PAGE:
An 'unconscious' racial bias by some physicians could harm relations with African-American patients and ultimately may impair health outcomes.
A study in the American Journal of Public Health found that primary care physicians who held these unconscious racial biases spent more time with African-American patients during routine office visits, but also spoke slowly and dominated the conversations.
As a result, African-American patients queried by the researchers said they felt less respected, less trustful, and less engaged in the decisions related to their health.
"It could negatively affect the patient because although the visits tended to be longer and the doctors were talking slower the patients reported feeling less involved in the decisions," says Lisa A. Cooper, MD, a professor in the Division of General Internal Medicine at the Johns Hopkins University School of Medicine, and lead author of the study.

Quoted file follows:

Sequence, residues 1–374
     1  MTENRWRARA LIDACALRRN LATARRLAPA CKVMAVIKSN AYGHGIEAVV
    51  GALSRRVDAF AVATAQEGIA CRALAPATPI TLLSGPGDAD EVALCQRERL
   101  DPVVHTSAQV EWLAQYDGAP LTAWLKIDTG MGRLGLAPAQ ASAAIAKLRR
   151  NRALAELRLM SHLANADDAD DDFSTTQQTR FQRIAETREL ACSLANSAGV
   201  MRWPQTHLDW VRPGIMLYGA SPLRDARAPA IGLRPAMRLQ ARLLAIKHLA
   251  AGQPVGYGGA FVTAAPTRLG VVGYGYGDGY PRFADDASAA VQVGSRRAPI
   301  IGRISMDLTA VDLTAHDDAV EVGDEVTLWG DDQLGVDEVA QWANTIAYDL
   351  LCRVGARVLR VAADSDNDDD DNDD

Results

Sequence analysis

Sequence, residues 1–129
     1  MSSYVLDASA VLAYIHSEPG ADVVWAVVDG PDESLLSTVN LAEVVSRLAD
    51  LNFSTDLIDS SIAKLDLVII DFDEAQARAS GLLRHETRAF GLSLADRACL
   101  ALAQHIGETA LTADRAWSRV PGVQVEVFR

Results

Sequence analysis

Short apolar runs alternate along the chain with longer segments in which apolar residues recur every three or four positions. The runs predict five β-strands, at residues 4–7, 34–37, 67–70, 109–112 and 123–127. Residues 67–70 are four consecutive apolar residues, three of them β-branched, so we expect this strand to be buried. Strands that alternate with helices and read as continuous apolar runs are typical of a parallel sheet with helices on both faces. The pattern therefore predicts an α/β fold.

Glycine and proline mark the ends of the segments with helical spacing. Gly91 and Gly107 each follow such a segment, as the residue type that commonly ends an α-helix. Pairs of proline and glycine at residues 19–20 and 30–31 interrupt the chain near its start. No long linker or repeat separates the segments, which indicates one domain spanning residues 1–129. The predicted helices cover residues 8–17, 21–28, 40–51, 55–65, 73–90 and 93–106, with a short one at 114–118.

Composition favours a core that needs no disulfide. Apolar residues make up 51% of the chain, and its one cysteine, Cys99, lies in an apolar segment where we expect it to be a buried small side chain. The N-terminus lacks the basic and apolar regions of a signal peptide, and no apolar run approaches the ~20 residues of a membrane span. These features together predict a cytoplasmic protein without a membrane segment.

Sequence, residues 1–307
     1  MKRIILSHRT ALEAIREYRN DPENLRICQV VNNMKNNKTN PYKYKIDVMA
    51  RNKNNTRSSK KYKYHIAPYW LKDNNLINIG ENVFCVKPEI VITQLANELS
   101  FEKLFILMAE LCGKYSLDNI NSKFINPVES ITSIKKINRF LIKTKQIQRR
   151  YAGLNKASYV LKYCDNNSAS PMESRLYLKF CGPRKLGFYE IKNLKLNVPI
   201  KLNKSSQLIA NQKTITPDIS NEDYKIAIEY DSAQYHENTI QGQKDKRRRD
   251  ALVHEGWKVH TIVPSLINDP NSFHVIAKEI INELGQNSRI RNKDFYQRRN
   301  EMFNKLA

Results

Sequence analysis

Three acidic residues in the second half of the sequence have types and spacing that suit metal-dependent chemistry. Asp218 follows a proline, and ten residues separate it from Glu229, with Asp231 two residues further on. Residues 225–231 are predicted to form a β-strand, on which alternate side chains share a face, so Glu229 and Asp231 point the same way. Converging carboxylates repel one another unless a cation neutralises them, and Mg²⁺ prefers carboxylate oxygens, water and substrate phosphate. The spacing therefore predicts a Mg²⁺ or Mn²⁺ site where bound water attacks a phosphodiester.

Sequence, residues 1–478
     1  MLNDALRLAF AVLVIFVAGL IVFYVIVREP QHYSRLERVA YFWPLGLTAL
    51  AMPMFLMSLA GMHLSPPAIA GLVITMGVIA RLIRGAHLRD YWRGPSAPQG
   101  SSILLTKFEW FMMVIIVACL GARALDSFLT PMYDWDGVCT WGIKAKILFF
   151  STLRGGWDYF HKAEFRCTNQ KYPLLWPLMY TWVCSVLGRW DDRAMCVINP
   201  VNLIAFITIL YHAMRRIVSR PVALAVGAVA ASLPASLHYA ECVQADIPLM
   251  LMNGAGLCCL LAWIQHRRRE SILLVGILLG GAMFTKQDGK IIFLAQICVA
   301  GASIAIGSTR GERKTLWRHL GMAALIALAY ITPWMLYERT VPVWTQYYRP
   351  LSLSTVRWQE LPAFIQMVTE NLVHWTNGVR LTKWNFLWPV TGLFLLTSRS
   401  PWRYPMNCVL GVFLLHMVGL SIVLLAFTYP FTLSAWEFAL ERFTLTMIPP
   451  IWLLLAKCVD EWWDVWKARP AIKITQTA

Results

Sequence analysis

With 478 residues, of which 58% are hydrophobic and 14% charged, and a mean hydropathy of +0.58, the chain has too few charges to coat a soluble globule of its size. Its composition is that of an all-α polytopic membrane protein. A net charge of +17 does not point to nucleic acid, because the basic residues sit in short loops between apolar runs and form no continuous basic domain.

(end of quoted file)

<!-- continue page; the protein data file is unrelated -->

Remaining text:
"What we know from other studies looking at those kinds of indicators is that when patients don't feel as involved in decisions about their care they are not as likely to follow through on what is recommended to them, or come back for follow up visits."